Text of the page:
Born Candido Camera, 22 April 1921, Havana, Cuba, with no formal musical training, Candido is largely self taught. He originally started playing on bass and guitar, and later began playing bongos and conga drums. He was with Station CMQ Radio Havana for six years, after which, in 1947 to 1952, he worked with Armando Romue at the Tropicana Club in Havana, Cuba. In Oct. 1952, he emigrated to the USA, and after a six week engagement at the Clover Club in Miami (with the 'Night In Havana' show), he traveled to NYC.
There, trumpeter Dizzy Gillespie took him to the Downbeat Club on New York's famed 52nd Street where he sat in with pianist Billy Taylor's group, and worked for the next year with Taylor. The fall of 1954 found him touring with Stan Kenton's band. During 1956-57, he free-lanced in NYC, and was back playing with Dizzy Gillespie's combo in 1958.
Subsequently, Candido was often seen on TV and in nightclubs, both in the US and in Venezuela, Puerto Rico and the Dominican Republic. He has recorded with a great many big names in jazz, pop and Latin fields including Shearing, Kenton, Gillespie, Dinah Washington, Tito Puente, Machito.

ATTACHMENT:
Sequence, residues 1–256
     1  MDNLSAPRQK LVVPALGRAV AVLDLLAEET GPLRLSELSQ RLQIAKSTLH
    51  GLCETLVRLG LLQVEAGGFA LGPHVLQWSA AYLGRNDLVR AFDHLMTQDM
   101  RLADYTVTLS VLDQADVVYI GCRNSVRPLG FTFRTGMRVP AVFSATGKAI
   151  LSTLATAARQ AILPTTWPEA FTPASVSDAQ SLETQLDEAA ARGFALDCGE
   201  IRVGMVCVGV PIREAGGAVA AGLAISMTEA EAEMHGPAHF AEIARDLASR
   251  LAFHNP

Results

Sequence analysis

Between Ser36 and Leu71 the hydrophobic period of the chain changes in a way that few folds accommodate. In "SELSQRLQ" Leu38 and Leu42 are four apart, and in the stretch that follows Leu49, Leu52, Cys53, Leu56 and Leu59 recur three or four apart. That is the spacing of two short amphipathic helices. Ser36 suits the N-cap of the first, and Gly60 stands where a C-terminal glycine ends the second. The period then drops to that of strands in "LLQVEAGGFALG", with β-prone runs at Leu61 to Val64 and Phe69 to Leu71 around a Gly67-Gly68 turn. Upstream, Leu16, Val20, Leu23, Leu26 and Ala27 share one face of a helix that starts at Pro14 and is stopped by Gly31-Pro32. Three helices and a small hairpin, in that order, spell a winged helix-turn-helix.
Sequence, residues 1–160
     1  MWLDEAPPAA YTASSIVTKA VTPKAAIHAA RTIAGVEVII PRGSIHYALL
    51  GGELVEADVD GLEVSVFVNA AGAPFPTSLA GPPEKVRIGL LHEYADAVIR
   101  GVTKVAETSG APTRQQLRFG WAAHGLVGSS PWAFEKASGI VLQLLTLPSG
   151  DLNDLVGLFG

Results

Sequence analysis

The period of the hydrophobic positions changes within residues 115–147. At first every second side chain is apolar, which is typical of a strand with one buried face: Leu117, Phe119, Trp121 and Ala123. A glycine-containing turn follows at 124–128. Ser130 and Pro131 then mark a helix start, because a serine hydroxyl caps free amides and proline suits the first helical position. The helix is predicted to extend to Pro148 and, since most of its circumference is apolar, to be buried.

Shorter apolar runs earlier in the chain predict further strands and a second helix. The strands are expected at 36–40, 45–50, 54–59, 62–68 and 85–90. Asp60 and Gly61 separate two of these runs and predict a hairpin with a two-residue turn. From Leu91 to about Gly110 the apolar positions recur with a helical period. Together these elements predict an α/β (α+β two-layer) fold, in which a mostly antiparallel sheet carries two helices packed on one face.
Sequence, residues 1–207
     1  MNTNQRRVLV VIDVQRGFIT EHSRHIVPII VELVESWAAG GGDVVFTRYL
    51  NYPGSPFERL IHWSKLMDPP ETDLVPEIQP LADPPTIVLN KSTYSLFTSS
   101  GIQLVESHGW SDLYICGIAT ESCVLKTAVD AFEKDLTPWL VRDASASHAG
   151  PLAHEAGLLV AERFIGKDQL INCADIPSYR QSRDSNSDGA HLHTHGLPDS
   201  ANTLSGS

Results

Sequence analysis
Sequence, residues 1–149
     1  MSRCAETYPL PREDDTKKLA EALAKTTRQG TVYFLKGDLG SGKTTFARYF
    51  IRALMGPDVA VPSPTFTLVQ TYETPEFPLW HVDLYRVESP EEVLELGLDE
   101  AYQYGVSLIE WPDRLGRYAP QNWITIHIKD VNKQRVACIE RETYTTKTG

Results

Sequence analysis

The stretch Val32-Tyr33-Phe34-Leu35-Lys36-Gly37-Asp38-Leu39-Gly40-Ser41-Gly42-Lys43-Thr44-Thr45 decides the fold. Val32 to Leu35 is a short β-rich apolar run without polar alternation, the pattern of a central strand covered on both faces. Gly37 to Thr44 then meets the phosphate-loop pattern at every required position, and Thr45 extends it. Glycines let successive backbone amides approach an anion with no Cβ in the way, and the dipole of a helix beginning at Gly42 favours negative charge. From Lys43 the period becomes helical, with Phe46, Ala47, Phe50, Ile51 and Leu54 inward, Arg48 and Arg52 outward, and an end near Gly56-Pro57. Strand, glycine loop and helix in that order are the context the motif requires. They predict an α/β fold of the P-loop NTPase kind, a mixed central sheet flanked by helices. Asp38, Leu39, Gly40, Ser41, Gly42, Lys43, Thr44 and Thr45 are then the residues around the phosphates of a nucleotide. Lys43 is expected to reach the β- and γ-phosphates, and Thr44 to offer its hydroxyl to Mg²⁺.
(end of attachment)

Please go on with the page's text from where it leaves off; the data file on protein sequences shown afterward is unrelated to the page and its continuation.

He put out three albums under his own name on ABC-Paramount in the late 1950s, playing alongside Dick Hyman, and had later albums on Solid State (mid-1960s), Blue Note (1970), and Polydor (1973). He signed on with the Salsoul label and put out two for them including the 1982 “Jingo,” which was a dancehall hit worldwide. He collaborated with Patato Valdes and Giovanni Hidalgo for the 2000 outing of “The Conga Kings.” This is Candido playing with two other conga masters and the results are excellent, highly recommended for percussion fans.
Now in his eighties, elder statesman Candido Camero shows no sign of slowing down. His touch on congas is sure, his time is solid, his sound is uniquely his own, and his execution is as nimble as that of a man half his age. Heralded as the father of the technique of coordinated independence, Candido has further accomplishments. For one, he pioneered the use of two congas and later three, whereas in past congueros were content with a single drum.
Source: James Nadal
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